Why wouldn’t everyone want to participate in arbitration?

Another reason that large companies, such as banks, credit card companies, and other financial institutions, may push arbitration is that it is a significantly more favorable forum for – you guessed it – those companies. Other significant disadvantages for the “Average Joe” consumer in arbitration are: (a) these arbitration clauses often disallow class actions or certain elements of damages, i.e., “punitive” damages, (b) arbitration usually limits the parties’ discovery rights – for example, the consumer may not be able to depose witnesses or seek the production of documents that could help them prove their claims and (c) arbitration is frequently required to be confidential, prohibiting a public discussion of the facts and outcome of the proceeding.

What if I don’t want to be forced into arbitration?

Over the past several decades, the law has been very favorable to companies seeking to force customers/consumers into arbitration. Southland Corp. v. Keating, 465 U.S. 1, 11 (1984) (noting “a national policy favoring arbitration”). However, there has recently been a palpable shift in these principles, especially in Ohio and the Sixth Circuit.

Arbitration Case Law

In March 2021, the Sixth Circuit overturned an Eastern District of Tennessee case wherein the District Court granted a bank’s motion to dismiss litigation filed in court and compel arbitration. See generally, Sevier County Schs. Fed. Credit Union v. Branch Banking & Trust Co., 990 F.3d 470 (6th Cir. 2021). In that case, the bank (after a series of mergers) sent out a new agreement that contained new or updated terms and stated that, by continuing to maintain an account with the bank, the accountholders agreed to those new terms – in other words, continuing to do business with the bank constituted acceptance of the new terms. The new terms included, inter alia, a binding arbitration provision and a waiver of class actions. Id., at 473. The District Court found that, by continuing to do business with the bank, the plaintiffs had accepted such terms and, therefore, must pursue their claims via arbitration. See generally, id. But the Sixth Circuit disagreed. Id.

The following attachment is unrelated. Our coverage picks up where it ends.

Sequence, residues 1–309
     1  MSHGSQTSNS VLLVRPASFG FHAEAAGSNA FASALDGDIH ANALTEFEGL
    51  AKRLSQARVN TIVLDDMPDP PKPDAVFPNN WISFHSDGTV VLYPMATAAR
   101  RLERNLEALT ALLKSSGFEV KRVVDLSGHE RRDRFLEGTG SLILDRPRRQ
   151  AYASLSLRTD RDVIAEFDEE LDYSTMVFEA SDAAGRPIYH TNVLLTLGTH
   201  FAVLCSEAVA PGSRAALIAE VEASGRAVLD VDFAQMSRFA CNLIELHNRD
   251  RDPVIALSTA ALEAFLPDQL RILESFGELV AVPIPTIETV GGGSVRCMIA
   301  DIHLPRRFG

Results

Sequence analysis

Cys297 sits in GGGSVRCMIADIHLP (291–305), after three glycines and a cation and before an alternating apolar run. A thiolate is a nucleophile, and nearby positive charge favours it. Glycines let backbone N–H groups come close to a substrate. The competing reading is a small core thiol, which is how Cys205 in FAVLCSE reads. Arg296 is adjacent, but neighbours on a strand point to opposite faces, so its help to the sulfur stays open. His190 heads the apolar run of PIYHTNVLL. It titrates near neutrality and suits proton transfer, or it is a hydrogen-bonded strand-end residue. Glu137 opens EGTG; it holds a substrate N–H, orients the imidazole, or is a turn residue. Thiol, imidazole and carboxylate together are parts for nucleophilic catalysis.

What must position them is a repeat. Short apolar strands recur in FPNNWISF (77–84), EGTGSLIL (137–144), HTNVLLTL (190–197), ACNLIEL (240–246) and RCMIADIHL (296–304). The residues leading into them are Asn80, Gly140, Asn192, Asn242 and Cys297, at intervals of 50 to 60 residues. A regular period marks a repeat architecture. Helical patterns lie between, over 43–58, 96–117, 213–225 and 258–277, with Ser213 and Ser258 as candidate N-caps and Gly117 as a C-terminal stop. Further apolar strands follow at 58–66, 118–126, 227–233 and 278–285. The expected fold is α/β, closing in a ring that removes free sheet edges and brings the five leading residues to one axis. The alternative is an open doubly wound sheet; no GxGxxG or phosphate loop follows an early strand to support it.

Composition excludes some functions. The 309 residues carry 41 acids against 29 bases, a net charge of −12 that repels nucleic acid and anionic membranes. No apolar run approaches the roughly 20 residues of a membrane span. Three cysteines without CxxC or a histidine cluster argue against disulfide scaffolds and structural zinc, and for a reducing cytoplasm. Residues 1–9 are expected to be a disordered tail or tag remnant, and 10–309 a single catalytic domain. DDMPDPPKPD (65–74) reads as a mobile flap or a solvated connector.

In rendering its decision, the Sixth Circuit found that determining the existence of a valid arbitration agreement is a question of state-law contract principles. Id., at 475. That is, what are the elements required to create a contract under state law, and were those elements met. Under Tennessee contract law (which is analogous to Ohio contract law), the formation of a contract requires consideration and mutual assent. Id., at 476. Mutual assent can only be found where there is a “meeting of the minds,” meaning “Did both sides assent to be bound by the terms of the contract?” Id. The Sixth Circuit in Sevier County found no mutual assent and, specifically, noted that mere “silence or inaction” is insufficient to bind a party to an arbitration provision. See id., at 477, quoting its prior decision in Lee v. Red Lobster Inns of America, Inc., 92 F. App’x 158, 162 (6th Cir. 2004) (“The flaw in the district court’s analysis is that it places the burden on the [consumers] to . . . object to a company’s unilaterally adopted arbitration policy or risk being found to have agreed to it. This is not how contracts are formed.”).

Ohio courts have begun following suit, even citing directly to Sevier County. On August 5, 2021, the Eighth District Court of Appeals rendered its decision in Gibbs v. Firefighters Community Credit Union, 2021-Ohio-2679, affirming the lower court’s decision denying a defendant’s motion to stay the action pending arbitration. In Gibbs, plaintiffs filed a class action lawsuit, and the defendant credit union moved to compel arbitration, arguing that plaintiffs agreed to a change in the terms and conditions of their account agreements, including an “Arbitration and Waiver of Class Action Relief provision,” by failing to opt out. Id. at ¶¶ 2-3. The credit union purportedly sent notice of these changes to account holders via email, and the email stated that an account holder’s continued use of defendant’s banking services indicated assent to the updated terms. Id. at ¶¶ 3-4. The credit union maintained that because plaintiffs never opted out of the provision, it became effective and controlled the matter. Id. at ¶ 3. However, nothing in the content of the email informed the account holders of the Arbitration and Waiver of Class Action Relief provision or the ability to opt out – this information was, instead, included in an attachment to the email.  Id. at ¶ 5.